Up in the lush highlands where Laos, Myanmar, and Thailand meet lies a jungle wilderness on the shore of the Mekong River. This remote area is the key to understanding the tangled relationship between opium, coffee, and conflict in Southeast Asia.

The opium trade has deep roots in this region. And with the discovery of the opiate heroin, the trade routes between Laos, Myanmar, and Thailand earned an international presence as well as an infamous name: the Golden Triangle.

Over the years, the Triangle grew exponentially across the continent; small-time smugglers grew into fervent soldiers, and local cartels banded together into regional armies. Thai villagers struggled to survive in the midst of violent upheaval. Legal or not, they turned to the most profitable crop they could find that grew well in the hills they lived in: opium.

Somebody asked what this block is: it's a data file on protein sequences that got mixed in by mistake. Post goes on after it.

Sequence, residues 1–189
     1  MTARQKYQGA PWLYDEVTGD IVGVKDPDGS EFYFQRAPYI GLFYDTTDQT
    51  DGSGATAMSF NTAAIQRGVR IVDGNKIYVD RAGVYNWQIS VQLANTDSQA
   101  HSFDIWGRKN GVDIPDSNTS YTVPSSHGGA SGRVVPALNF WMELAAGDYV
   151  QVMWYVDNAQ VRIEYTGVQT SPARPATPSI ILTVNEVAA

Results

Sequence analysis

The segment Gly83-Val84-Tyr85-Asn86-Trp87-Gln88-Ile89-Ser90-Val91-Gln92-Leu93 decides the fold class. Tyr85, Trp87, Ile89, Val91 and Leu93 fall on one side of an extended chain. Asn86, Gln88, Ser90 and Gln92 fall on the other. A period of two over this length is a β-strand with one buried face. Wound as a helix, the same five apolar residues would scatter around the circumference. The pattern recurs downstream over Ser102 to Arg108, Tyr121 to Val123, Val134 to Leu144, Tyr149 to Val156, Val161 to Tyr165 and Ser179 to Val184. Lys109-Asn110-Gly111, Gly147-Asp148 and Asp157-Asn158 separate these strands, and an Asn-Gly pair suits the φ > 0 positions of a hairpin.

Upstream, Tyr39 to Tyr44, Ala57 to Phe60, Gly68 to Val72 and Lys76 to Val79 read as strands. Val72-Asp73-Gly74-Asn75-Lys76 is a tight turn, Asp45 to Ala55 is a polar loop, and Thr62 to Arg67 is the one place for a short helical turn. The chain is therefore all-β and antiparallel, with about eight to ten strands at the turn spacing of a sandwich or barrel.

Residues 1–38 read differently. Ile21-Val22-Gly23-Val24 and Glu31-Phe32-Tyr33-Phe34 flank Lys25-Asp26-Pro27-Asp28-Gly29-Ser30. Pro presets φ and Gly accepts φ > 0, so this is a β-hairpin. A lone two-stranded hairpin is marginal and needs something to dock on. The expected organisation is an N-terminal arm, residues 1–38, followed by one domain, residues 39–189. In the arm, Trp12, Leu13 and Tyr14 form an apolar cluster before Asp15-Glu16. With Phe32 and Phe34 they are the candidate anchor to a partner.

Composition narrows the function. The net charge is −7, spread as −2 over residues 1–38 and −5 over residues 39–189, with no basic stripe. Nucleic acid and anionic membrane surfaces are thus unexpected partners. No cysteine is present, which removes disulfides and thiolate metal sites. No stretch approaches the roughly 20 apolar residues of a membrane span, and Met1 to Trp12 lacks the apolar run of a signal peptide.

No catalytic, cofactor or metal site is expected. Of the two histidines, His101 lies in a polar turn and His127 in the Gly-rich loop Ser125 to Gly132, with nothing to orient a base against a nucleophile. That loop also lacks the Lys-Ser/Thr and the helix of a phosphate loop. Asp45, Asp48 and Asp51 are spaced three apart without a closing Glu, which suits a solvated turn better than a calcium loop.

“The Thai tourism industry initially started by way of the Golden Triangle (Thailand, Burma and Laos). People came from every corner of the earth to see this exotic region. The growing of opium poppies was very normal; I would often see them during village travels, especially as a young boy. However, this crop would later be found in the form of heroin in western countries later devastating many lives. With the introduction of coffee to replace opium, it has not only brought better income to the hill tribes of Thailand, but has slowed down the destruction of lives by heroin in Thailand and other countries around the world.”